By Ann Minnett
“The story of one person is the story of humanity.”
Earlier this month my husband and I walked the grounds of the American Cemetery in Normandy France where 9,387 American military dead are buried. Some sections were open to the public to stroll between the markers and perhaps find lost loved ones. Although we had no family members to locate, the memorials, the beautiful setting, and pristine white markers moved us to silence. Each headstone listed the man’s name (4 women were buried there), service rank, home state, and date of death. I lingered over a few markers, concentrating on each man’s name as I zigzagged through the maze. It felt wrong to skip even one, and that’s when the impossible task of honoring all of them overwhelmed me.
I headed toward the central path, and there was a cross bearing the name of Raymond F. Eggers, TEC 5, from Oklahoma. Both sides of my family come from Oklahoma. I was born there. The enormity of war and killing and dying settled onto the headstone of this one young man who died in France 72 years ago. The fact of his grave stone touched me far more deeply than the enormous maps depicting American and British divisions landing on the beaches or parachuting into the countryside behind German lines or even the regimented rows of gravestones stretching in all directions.
Later, on our way through pastoral Normandy toward a seaside village up the coast, it dawned on me why one stranger’s grave stood out among the enormity of the events memorialized in the vast cemetery.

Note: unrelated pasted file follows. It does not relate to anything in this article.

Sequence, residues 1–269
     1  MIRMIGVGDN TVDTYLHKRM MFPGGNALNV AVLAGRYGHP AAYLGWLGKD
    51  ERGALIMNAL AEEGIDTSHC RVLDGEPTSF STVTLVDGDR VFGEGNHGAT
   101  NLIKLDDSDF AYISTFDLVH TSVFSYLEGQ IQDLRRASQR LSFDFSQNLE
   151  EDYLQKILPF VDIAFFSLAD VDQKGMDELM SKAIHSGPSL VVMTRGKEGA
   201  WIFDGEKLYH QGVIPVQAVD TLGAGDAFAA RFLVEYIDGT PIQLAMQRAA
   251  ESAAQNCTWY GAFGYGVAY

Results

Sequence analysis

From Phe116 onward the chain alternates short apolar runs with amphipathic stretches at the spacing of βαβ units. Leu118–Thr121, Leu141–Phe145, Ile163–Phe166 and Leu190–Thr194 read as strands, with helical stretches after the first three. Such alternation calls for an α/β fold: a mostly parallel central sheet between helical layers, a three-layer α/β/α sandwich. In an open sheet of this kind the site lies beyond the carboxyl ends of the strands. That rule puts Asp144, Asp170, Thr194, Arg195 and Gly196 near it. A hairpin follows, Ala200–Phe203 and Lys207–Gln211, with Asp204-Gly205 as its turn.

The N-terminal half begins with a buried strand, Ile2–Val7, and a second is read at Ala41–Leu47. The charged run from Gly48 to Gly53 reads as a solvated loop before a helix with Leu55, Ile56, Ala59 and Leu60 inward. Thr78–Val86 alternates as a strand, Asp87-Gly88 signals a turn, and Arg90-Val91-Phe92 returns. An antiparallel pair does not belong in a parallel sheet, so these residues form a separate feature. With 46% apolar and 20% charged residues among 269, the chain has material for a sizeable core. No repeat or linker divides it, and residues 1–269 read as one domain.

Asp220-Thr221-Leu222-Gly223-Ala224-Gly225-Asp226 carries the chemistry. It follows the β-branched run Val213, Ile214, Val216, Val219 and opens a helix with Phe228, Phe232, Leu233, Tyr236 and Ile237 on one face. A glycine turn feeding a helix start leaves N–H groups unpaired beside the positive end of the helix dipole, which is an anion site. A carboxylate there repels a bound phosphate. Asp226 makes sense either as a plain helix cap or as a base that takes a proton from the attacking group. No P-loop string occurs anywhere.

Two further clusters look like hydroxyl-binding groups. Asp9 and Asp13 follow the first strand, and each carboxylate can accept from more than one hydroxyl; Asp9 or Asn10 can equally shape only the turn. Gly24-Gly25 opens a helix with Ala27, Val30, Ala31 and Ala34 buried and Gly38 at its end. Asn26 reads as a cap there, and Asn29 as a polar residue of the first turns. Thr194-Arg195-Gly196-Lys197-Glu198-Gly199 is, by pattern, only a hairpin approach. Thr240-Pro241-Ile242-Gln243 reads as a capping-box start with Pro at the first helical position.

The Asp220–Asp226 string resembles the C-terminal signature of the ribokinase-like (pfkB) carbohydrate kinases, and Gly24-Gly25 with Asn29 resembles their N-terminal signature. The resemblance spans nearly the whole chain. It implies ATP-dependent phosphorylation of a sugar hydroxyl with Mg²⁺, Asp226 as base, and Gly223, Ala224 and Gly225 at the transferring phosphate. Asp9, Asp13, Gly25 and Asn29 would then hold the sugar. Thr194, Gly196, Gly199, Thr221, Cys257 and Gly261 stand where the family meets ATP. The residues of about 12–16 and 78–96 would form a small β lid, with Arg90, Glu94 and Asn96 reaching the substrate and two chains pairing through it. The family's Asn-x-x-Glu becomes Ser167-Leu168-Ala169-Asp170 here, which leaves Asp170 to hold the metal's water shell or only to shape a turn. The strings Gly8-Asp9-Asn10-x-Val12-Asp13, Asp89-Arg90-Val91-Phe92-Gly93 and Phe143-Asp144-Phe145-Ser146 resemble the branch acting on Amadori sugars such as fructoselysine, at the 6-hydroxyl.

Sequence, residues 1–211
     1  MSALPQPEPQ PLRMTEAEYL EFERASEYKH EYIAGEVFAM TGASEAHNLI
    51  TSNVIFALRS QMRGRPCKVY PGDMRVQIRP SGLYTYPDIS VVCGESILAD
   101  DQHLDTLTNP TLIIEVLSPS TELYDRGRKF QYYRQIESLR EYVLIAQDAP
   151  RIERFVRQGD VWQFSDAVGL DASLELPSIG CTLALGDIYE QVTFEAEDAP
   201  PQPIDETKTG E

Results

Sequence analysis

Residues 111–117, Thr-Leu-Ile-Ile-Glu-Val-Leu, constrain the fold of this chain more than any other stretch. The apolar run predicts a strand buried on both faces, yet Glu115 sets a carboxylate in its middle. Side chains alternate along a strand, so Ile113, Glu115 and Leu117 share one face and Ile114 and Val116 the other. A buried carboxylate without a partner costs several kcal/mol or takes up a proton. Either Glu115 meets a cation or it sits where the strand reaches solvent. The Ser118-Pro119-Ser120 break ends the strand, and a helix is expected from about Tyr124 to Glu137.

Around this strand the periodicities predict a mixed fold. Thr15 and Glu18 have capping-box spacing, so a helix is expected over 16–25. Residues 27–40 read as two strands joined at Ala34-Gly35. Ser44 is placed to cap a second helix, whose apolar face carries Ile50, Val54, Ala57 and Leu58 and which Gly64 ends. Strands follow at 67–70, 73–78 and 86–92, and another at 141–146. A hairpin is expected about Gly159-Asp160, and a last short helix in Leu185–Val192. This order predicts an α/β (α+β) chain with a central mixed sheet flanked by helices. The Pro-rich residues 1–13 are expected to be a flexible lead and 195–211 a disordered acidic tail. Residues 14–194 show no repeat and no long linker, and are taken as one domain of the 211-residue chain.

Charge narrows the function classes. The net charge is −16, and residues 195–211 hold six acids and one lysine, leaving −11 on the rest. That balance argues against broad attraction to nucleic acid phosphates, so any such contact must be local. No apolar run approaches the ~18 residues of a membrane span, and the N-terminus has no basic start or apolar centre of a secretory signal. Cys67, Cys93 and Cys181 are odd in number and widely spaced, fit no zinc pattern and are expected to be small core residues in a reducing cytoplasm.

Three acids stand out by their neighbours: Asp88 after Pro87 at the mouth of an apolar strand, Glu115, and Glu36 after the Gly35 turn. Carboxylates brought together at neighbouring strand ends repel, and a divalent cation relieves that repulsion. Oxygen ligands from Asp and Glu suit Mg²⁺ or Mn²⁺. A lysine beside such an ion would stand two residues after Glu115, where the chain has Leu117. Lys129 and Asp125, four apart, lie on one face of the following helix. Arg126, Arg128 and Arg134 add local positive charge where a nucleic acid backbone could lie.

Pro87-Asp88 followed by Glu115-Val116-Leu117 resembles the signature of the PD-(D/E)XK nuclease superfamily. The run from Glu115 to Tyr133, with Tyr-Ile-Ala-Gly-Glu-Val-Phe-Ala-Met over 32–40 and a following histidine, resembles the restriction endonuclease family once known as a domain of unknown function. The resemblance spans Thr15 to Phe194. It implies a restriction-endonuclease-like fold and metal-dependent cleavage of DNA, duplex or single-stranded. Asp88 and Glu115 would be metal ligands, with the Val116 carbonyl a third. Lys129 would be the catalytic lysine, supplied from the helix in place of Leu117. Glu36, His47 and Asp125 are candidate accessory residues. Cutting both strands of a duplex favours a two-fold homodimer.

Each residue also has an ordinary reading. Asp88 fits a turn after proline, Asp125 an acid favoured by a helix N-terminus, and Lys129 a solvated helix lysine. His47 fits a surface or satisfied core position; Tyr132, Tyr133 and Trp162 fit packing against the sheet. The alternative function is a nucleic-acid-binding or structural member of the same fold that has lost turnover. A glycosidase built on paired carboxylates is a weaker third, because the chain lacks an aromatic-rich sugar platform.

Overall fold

I could relate to the personal story of one man. His background. The loss of him.
And isn’t this where good authors excel? For readers the grand story emerges in telling the ‘small’ moment of one individual.
Enjoy your Memorial Day. Let us be grateful for those who came before and for those we touch today.
What an insightful blog posting for Memorial Day. Thank you, Ann, for sharing your feelings with us.
Thank you, Marie.
Stunning piece…deeply moving. You put into words what I couldn’t express at a recent visit to Arlington. Beautifully written, Ann.
Beautifully said. We owe each of them our respect. Karen
Yes, we do. Thank you, Karen.
A lovely epigraph, Ann, and a lovely tribute to those lost in “the war to end all wars.”
Thank you, Leslie.
Ann, I was in Normandy a few years ago, and the community hosted a big luncheon with speeches for my cruise passengers. I was touched, as you were, by their remembering, and their gratitude to the Americans who fought and died there, for them, for each one of them. Thanks for your nice story, Nan